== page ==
At the Still Point of the Turning World
Residency is over, NOW what? (While I'm waiting for the answer, I'll get some spinning done....)

Sunday, February 22, 2004


I didn't take any photos of Stitches this year--if I had, they would have shown the massive crowds that mobbed the Oakland Convention Center, all queued up to enter the Market. The vendors booths could barely be seen through the masses (N.B. the wheeled duffel bag was a popular accessory among the die-hard shoppers this year), and anyway I had my nose deep in this:

This is a mini-Aran sweater I knit during Beth Brown-Reinsel's class. It was knit circularly from the hem to the armhole, then back and forth to the neckline. Here's the back:

As you can see, this mini-sampler was designed to teach a number of new skills. There are a number of different cables, crossed stitches and bobbles. The sleeves are different--one is dropped, and the other set-in, but both were knit circularly and saddled between front and back. Here's a close-up of one of the saddles. Learning to attach the live sleeve stitches to picked-up stitches on the armhole, then knitting on the saddles, was a bit tricky but a lot of fun. I heartily recommend taking one of Beth Brown-Reinsel's classes if you ever have the opportunity. Here written materials are superb (error-free!) and teaching style well-organized. She's also very patient. People learn in different ways, and I notice that many students rely heavily upon the teacher's instructions and demonstrations. Me, I like to see techniques demonstrated--once. Then I like to dither and experiment and make millions of mistakes until I have a "eureka" moment. I don't think I'd have the patience to go over the same questions over and over again, the way a good teacher does.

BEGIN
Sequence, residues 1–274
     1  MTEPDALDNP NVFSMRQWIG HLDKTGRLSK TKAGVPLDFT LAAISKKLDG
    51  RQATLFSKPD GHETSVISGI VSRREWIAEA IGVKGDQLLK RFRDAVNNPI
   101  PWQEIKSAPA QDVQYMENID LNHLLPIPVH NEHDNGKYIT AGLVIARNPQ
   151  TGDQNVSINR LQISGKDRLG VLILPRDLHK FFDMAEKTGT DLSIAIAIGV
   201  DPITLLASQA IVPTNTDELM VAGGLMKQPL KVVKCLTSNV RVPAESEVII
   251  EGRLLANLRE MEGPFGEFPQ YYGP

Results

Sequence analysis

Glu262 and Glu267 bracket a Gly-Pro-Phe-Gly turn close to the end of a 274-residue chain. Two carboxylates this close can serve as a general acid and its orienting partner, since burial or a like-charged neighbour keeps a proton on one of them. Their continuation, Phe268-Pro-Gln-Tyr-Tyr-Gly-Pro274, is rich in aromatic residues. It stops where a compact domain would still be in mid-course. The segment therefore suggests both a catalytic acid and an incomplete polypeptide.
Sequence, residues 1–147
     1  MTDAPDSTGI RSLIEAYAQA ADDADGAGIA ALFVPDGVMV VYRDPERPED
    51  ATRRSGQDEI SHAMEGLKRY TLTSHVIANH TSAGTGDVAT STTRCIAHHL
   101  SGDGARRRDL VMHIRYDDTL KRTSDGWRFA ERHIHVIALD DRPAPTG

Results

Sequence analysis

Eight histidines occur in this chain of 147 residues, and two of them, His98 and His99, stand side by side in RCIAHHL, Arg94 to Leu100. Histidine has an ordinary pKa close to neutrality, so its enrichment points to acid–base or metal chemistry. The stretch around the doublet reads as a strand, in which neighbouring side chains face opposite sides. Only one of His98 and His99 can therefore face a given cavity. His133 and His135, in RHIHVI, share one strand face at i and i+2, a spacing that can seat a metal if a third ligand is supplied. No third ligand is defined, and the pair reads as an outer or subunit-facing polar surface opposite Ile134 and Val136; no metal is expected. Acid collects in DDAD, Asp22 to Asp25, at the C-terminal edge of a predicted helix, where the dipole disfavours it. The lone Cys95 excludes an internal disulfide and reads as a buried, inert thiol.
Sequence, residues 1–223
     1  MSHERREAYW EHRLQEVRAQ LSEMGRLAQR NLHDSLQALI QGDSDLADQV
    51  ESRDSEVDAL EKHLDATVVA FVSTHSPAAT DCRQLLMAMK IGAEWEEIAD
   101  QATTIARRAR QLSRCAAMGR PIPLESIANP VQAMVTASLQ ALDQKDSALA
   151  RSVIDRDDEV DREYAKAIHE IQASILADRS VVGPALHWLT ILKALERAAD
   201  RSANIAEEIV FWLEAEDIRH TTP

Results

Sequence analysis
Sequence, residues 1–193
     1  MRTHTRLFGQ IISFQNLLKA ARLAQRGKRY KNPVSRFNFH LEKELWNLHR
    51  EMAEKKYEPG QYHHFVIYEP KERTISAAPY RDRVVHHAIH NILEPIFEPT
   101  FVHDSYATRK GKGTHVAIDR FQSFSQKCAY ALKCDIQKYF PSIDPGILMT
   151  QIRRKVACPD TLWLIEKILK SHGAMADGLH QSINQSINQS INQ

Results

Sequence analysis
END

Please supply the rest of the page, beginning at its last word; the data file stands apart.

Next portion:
As for my Market loot, I didn't stick to my no-commercial yarn plan (surprise, surprise). I got some marvelous superbulky handpainted singles from Chasing Rainbows, three hat kits from Bonkers and a slew of dye books. Ah well, the best laid plans....